Hard work pays off. Those night courses, hundreds of personalized applications, and nerve-wracking interviews resulted in you earning multiple job offers at once.
And it’s safe to say there wasn’t a lack of competition. According to Gallup, 51% of workers are considering or actively applying for new work. Their reasons for leaving are diverse, from wanting higher income and more professional development opportunities to feeling caught between a dream and a job.
Considering the original motivator behind your job search may help you pick a new job. If you’re just starting your career, a position with more room to grow may be ideal. But if you’re looking into family planning, paid time off (PTO) and maternity and paternity leave agreements might be most important.
Choosing between two jobs takes time, energy, and critical thinking — but the end result is worth the debate. We’ll discuss how to decide between two jobs to help you find a satisfying career.
Creating a pros and cons list
Companies know how to market themselves, even if the reality of the position isn’t quite as glamorous. It’s easy to get lost in a cool location, well-designed workspaces, or home office improvement budget.
Perks like these are great, but their appeal wears thin if you don’t receive important fundamentals. Here are a few crucial factors to consider when determining how to choose between two job offers:
- Compensation: While a higher salary is enticing, it’s not everything. Consider other benefits like provided equipment, stock options, vacation time, health insurance, and 401(k) plans. If the position offers commission pay, ask about what this generally adds up to yearly or, if possible, get in touch with current employees in a similar position to discuss.
- Sign-on bonuses: Some companies offer bonuses for signing a long-term contract. This is especially common for more senior positions. Remember to read the fine print to determine whether they expect you to pay this bonus back if you leave the company early.
- Working hours: A high salary isn’t so high if they expect you to work 12-hour days, so inquire about work hour expectations and consider your commute. If this is a work-from-home position, inquire about when you’re meant to be active online. If you’re a freelancer, ask about the contract’s restrictions regarding taking outside work.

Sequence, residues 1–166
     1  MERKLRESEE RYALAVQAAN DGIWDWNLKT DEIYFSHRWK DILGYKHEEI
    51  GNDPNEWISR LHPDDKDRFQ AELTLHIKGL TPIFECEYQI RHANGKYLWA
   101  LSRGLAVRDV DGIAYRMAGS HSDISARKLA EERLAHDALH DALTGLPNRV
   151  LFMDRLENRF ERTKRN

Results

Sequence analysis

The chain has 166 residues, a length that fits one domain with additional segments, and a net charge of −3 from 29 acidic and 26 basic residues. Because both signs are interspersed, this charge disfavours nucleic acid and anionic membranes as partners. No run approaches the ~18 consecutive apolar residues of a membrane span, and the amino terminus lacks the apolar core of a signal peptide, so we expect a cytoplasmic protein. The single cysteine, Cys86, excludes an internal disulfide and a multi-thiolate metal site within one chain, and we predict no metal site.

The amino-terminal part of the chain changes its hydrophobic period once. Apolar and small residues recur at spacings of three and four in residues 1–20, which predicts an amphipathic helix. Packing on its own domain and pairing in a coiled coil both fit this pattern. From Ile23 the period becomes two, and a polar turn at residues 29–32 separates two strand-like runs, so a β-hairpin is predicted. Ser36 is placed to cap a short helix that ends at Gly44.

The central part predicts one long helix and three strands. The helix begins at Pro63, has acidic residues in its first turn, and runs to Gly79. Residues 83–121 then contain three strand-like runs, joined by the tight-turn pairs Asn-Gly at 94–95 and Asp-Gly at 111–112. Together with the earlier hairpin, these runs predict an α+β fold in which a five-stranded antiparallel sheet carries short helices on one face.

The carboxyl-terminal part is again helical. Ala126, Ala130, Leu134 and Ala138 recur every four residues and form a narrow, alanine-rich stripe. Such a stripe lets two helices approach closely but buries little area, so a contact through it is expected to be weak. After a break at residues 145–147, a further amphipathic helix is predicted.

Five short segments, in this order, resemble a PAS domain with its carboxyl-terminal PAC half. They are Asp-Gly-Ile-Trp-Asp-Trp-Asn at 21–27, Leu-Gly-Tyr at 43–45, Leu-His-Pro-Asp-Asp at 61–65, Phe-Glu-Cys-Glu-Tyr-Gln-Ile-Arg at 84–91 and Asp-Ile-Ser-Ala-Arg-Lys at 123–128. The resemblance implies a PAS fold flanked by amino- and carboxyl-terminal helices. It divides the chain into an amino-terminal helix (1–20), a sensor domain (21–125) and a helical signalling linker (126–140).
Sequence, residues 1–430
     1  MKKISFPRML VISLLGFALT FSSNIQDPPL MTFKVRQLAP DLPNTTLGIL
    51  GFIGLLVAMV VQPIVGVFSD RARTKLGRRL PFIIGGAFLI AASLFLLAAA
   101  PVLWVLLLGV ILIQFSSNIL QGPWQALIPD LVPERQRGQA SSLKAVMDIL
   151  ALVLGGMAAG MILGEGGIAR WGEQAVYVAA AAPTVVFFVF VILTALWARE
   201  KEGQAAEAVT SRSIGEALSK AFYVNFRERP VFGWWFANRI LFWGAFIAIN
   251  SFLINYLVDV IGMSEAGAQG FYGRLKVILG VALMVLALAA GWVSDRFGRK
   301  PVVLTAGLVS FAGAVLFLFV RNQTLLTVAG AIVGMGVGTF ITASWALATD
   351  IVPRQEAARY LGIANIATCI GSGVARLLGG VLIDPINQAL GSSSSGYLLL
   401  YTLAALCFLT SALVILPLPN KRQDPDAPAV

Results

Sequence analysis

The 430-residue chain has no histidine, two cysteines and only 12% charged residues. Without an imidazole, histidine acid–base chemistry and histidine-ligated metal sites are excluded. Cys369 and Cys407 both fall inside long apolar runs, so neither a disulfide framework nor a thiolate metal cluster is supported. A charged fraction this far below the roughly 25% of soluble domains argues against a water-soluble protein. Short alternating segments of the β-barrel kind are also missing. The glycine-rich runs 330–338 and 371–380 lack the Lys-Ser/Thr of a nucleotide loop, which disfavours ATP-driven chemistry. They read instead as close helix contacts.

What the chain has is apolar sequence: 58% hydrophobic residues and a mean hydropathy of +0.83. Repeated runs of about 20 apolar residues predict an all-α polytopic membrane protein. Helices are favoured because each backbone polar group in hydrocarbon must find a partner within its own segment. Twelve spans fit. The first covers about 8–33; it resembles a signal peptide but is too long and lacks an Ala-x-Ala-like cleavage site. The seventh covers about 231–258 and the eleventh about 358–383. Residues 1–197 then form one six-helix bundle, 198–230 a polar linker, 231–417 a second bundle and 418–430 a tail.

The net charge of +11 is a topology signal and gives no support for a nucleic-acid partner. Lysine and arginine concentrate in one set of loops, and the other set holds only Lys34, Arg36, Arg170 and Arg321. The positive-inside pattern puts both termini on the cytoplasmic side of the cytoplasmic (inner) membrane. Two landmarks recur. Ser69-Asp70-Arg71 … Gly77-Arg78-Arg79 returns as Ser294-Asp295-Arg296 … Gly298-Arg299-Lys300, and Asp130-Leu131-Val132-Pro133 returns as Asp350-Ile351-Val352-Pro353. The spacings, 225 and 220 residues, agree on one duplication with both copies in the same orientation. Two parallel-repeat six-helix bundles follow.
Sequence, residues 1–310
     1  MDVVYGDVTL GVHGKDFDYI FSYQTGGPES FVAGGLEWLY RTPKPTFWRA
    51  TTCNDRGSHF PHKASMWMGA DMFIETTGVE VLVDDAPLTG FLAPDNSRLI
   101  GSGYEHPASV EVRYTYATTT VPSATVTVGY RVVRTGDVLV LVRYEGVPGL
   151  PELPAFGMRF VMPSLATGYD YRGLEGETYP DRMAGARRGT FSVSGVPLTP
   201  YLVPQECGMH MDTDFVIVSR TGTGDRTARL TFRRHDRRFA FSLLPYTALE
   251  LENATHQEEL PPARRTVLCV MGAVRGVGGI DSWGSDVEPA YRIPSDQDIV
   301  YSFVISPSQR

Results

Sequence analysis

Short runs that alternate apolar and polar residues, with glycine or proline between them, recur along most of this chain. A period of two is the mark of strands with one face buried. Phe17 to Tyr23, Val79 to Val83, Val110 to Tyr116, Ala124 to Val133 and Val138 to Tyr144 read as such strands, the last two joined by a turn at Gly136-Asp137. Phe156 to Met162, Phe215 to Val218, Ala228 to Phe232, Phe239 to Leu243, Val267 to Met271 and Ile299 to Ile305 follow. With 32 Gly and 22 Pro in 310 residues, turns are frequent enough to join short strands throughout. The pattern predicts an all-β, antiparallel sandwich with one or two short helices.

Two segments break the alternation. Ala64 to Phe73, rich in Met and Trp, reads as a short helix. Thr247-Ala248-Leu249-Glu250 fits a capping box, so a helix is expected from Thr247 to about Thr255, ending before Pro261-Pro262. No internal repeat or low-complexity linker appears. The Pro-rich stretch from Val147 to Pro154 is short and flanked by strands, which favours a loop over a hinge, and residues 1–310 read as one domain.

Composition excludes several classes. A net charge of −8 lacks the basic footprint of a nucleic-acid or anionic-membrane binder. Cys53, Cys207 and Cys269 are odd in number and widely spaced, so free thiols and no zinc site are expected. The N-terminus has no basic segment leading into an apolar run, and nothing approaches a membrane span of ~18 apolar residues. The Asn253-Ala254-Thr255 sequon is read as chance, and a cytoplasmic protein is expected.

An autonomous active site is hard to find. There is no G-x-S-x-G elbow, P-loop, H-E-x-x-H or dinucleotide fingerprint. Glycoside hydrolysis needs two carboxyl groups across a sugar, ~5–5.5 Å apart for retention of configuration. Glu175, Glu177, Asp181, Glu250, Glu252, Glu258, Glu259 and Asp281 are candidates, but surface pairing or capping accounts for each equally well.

- Growth opportunities: Knowing your hard work may lead to a promotion is an excellent motivator. Asking about growth opportunities also shows the employer you’re interested in sticking around.
- Culture fit: When applying for the position, you likely researched the company and aligned your application’s language with theirs. While their values would have been reflected in this language, nothing beats asking direct questions about company culture to team members.
Consider what’s important to you in the company you’d be working for and ask questions such as how often social calls/outings occur and what personality traits leaders in the company seem to reward in their employees.
8 tips for choosing between two jobs
Once all factors are considered, there’s a chance your pros and cons list is still a bit too even to make a decision. Here are eight tips to help you find the answer you need:
1. Factor in long-term goals
Your debate might be unfairly influenced by what you want right now, so remember to consider long-term goals. Right now, a higher salary might seem nice. But if you know you’d like to move to Mexico City in six months and this job doesn’t offer remote work options, it might be worth choosing flexibility over income.
2. Research both companies
You may have done some research when preparing for interviews, but now’s a good time to dive deeper. Check out platforms like Glassdoor to better understand salary expectations and employee impressions. Browse current employees’ LinkedIn profiles to see if they’re actively sharing content from their employer, as this signals they enjoy working there.